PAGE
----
Daily Fix: Five reasons why 109.33 is key for USDJPY
"USDJPY daily chart"
Conviction trade view – Long USDJPY on a daily close through 109.33 for 110.50/111.00.
• Along with USDCNH, USDJPY has the strongest correlation with the US 10-year Treasury yield, which has moved from 1.43% in August to 1.97% (54 basis points) on 7 November. Having retreated a touch into 1.83% (taking USDJPY into 107.50), should we see a closing upside break of 1.94%, I would expect the benchmark Treasury to test 2.12% and potentially 2.2%.
• Given the correlation with USDJPY, a break of 1.94% should, therefore, see USDJPY close through the 61.8 fibo retracement of the April to August sell-off at 109.33, which we can clearly see as strong horizontal resistance. A break of 109.33 takes the pair into 110.50/111.00, although, I am a willing seller into here.
• Consider that one of the big debates in macro-discretionary trading circles at present is how much higher bond yields can go and whether the move higher has been predicated more on a better feel on US-China trade relations or better global economic data. Either way, traders certainly do not want to be long bonds (short USDJPY by proxy) if we hear a positive and tangible outcome in the talks. That would take the 10-year through 1.94% (USDJPY 109.33).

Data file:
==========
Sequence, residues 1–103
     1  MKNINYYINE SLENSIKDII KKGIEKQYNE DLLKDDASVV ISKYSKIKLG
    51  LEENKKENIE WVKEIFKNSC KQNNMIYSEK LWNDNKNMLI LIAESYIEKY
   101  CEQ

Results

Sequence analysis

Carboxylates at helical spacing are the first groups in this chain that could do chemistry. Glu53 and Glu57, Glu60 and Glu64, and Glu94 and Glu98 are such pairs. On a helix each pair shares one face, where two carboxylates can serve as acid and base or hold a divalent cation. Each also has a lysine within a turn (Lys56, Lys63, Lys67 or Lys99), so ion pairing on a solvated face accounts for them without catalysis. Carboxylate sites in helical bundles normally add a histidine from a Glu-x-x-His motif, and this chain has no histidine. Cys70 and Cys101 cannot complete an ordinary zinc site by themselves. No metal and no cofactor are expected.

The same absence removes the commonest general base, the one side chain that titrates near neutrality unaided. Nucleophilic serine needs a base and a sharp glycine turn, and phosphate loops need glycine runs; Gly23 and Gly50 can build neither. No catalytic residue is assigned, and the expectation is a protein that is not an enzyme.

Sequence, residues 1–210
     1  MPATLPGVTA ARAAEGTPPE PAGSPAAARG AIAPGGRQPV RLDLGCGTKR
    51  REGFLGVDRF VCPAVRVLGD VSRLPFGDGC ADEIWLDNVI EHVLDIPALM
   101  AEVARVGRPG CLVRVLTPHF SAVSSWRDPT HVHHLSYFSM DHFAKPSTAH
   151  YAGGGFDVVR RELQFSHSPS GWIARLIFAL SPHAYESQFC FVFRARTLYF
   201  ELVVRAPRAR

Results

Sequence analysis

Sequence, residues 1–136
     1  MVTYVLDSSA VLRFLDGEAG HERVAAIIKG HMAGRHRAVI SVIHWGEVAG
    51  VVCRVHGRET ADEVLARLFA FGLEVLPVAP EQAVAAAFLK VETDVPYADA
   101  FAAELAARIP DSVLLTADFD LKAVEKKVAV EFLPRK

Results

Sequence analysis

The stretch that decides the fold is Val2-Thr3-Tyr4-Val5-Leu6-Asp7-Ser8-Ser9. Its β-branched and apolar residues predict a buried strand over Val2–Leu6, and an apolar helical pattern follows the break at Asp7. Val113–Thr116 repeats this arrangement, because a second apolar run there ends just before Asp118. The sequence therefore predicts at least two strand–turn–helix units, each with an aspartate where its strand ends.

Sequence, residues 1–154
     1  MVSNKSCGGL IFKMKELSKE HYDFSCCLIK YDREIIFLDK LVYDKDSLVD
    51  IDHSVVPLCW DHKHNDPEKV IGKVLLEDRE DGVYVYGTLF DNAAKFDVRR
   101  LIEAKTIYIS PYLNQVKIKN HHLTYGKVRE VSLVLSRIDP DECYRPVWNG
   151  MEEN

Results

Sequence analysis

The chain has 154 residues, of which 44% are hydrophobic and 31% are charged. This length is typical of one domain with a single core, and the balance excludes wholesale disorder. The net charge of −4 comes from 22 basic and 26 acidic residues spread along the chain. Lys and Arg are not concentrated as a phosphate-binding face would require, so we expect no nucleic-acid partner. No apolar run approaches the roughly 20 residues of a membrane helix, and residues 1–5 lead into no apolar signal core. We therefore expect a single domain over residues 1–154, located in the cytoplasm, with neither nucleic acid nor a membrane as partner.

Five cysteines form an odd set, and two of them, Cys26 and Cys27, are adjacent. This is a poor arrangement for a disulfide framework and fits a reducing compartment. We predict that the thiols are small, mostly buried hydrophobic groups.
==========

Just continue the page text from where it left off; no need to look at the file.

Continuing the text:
• Of course, the risk of disappointment is elevated, and I, like many are sceptical that we see the September US tariffs (Stage 4) rolled back, let alone the tariffs due to kick in on 15 December. An outcome China has made clear they need to see before they will commit to agreeing to a ‘Phase One’ deal and a sizeable amount of US agricultural products. One suspects Trump will be keen to meet the market, which is a risk if short. That said if short, the idea to square and reverse into long positions on a daily close through 109.33 seems highly prudent.
• Short positioning, held by large speculators (or ‘non-commercials’) in the JPY has increased to 34,997 contracts, showing the big money is moving into short JPY exposures. However, considering this is the 59th percentile of the three-year range, one could consider positioning as quite neutral.
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